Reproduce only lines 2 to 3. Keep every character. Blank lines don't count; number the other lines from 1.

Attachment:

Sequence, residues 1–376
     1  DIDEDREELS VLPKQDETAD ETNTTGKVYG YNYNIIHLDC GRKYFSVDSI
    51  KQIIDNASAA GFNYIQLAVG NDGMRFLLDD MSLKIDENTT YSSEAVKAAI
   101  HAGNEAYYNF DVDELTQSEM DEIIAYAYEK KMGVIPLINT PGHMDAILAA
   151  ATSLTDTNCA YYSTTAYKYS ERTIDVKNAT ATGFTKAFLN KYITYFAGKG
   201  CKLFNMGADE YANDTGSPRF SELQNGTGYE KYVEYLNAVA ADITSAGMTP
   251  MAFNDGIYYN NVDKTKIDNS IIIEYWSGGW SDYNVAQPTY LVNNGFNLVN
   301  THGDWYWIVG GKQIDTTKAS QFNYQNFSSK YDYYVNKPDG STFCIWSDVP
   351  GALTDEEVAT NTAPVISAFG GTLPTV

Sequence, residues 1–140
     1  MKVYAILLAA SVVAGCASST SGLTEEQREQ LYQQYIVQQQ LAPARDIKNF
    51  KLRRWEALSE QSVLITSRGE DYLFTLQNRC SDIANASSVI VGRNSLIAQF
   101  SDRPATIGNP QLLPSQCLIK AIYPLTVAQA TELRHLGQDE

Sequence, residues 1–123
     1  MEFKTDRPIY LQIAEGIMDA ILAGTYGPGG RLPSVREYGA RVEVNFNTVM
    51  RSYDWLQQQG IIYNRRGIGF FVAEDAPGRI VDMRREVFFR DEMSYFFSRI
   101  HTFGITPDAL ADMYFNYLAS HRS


     1  DIDEDREELS VLPKQDETAD ETNTTGKVYG YNYNIIHLDC GRKYFSVDSI
    51  KQIIDNASAA GFNYIQLAVG NDGMRFLLDD MSLKIDENTT YSSEAVKAAI